In the last few months, I’ve listened to two audiobooks by Nevil Shute: The Far Country and The Breaking Wave. I enjoyed both very much. Nevil Shute’s books really speak to me with their decent characters, kind and caring relationships, the sweeping landscapes of Australia, and interesting connections between vast distances in the world that make it all seem smaller and much closer together. His stories are interesting and compelling. The Breaking Wave was a sort of mystery because it started with the suicide of a young English woman in Australia, a former WREN during World War II, and we didn’t find out until the very end exactly WHY she did such a thing, and how she ended up in Australia.
The Breaking Wave, first published as Requiem for a Wren, was a sad story but told in such a way that I wasn’t overcome with sadness. It was a thorough exploration of how war changes lives and continues to play havoc with people’s lives long after it is over.
Even into this quiet place, the war had reached like a tentacle of an octopus. It had touched this girl and brought about her death. Like some infernal monster still venomous in death, the war can go on killing people for a long time after it’s all over.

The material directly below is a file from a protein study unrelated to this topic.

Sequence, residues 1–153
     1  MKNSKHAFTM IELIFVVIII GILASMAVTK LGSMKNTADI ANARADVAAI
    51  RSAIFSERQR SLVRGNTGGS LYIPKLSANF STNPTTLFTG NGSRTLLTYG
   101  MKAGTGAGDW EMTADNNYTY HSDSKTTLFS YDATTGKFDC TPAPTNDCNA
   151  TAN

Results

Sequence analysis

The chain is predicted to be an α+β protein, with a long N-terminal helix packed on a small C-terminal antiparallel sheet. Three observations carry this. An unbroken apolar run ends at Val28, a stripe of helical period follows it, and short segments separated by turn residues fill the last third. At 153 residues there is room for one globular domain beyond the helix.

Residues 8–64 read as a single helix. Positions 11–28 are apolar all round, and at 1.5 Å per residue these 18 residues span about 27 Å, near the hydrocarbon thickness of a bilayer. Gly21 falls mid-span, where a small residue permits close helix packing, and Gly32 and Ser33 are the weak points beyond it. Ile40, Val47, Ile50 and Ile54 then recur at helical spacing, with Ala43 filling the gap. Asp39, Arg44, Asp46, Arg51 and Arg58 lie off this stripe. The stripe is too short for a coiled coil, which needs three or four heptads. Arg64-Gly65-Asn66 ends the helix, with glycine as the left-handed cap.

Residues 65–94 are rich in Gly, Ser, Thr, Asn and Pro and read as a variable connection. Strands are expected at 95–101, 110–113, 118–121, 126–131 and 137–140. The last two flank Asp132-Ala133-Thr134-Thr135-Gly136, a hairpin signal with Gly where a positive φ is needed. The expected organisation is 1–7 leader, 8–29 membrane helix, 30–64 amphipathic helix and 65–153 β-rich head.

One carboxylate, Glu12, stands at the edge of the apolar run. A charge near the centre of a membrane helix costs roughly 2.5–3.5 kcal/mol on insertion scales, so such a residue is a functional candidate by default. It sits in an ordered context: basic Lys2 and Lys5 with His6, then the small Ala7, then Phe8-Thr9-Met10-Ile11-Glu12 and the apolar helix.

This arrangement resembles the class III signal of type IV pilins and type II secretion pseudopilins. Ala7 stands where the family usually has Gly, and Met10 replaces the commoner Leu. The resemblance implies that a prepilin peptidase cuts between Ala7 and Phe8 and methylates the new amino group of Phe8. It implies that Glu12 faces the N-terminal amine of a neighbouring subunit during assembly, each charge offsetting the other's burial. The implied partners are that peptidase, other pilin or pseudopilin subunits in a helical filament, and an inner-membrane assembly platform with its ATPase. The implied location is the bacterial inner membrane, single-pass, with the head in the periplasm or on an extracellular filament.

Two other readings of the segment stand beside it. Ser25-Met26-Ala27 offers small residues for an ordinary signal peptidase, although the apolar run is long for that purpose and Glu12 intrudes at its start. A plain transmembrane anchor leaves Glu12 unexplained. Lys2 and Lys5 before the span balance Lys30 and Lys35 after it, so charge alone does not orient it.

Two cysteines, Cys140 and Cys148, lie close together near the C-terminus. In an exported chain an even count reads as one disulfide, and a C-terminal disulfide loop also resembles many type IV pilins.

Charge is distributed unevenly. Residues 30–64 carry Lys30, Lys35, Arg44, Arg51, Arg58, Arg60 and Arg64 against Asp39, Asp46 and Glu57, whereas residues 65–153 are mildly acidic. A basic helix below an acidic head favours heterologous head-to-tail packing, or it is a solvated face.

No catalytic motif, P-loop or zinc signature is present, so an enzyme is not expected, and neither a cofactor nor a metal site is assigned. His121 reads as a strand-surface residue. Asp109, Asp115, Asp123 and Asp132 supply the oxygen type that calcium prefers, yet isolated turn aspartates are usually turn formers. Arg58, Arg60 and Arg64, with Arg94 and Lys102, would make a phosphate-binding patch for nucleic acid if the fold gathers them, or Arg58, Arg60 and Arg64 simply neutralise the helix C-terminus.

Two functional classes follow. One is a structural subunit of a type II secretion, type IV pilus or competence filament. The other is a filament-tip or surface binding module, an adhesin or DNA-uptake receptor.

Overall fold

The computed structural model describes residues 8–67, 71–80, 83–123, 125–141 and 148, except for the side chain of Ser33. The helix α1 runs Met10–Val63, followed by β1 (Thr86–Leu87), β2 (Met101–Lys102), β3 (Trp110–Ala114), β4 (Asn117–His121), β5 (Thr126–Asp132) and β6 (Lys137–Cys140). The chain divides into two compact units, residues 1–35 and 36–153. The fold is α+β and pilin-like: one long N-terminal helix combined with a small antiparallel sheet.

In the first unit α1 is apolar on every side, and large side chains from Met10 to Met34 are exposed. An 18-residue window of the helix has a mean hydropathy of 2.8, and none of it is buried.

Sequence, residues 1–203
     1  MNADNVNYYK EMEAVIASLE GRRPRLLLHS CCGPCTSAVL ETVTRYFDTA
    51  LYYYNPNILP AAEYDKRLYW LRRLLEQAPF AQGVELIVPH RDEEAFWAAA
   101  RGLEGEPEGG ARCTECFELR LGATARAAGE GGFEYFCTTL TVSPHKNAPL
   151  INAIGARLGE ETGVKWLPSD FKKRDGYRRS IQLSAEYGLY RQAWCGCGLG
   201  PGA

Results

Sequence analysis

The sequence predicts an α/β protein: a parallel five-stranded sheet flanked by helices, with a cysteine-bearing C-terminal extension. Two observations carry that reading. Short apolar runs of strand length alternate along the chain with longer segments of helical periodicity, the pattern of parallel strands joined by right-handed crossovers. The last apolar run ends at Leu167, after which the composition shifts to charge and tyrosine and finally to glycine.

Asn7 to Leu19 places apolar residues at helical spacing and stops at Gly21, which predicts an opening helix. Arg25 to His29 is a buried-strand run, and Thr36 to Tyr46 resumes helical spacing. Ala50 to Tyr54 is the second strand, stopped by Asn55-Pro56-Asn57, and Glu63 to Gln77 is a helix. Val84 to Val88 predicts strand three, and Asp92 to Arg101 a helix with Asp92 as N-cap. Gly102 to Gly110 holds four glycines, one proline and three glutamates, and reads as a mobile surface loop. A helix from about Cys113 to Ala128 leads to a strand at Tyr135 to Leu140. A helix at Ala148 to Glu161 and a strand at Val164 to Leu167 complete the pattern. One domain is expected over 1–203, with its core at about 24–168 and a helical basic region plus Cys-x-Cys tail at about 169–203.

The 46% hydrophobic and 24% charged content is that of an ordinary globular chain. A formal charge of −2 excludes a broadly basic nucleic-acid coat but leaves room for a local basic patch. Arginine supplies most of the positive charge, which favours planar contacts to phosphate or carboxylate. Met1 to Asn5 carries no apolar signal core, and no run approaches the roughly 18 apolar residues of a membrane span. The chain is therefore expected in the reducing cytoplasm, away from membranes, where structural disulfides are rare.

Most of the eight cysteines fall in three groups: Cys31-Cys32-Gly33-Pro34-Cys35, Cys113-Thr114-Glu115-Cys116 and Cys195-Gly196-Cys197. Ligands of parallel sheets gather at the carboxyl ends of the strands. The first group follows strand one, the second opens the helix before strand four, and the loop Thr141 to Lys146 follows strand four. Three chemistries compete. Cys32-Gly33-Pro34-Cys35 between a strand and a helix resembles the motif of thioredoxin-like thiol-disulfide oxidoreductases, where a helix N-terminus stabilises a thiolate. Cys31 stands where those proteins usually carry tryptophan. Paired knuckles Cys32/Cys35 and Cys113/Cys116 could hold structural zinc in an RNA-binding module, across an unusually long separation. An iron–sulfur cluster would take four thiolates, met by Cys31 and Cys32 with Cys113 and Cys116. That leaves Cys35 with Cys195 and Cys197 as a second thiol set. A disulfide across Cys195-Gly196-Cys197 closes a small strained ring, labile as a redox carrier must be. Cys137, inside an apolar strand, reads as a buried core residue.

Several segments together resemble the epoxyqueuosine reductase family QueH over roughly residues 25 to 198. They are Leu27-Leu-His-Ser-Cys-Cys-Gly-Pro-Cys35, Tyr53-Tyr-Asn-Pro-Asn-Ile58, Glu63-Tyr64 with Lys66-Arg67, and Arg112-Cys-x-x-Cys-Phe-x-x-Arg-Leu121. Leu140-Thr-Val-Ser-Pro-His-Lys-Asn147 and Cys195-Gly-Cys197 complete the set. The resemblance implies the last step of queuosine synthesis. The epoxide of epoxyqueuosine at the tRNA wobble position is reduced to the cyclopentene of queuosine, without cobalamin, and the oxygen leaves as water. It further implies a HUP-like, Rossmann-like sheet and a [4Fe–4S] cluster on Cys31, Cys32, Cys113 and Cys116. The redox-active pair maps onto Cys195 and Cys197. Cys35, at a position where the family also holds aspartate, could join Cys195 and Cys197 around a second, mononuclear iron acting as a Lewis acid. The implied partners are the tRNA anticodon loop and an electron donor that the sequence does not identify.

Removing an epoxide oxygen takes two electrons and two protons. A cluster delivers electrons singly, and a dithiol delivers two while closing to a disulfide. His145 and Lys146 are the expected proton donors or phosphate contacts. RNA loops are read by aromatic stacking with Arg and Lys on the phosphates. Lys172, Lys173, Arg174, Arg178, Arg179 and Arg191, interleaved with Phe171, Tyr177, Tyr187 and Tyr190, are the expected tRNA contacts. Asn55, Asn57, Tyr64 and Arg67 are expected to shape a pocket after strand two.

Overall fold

It was a story of love and loss, and of a generation shaped by World War II.
For our generation, the war years were the best times of our lives, not because they were war years but because we were young. The best years of our lives happened to be war years. Everyone looks back at the time when they were in their early 20s with nostalgia, but when we look back, we only see the war.
Nevil Shute was a wonderful storyteller, and I especially love listening to his stories as audiobooks. I know that for 10 or so hours, I will be completely immersed in a vast and wonderful world filled with characters who have integrity and courage, warmth and caring.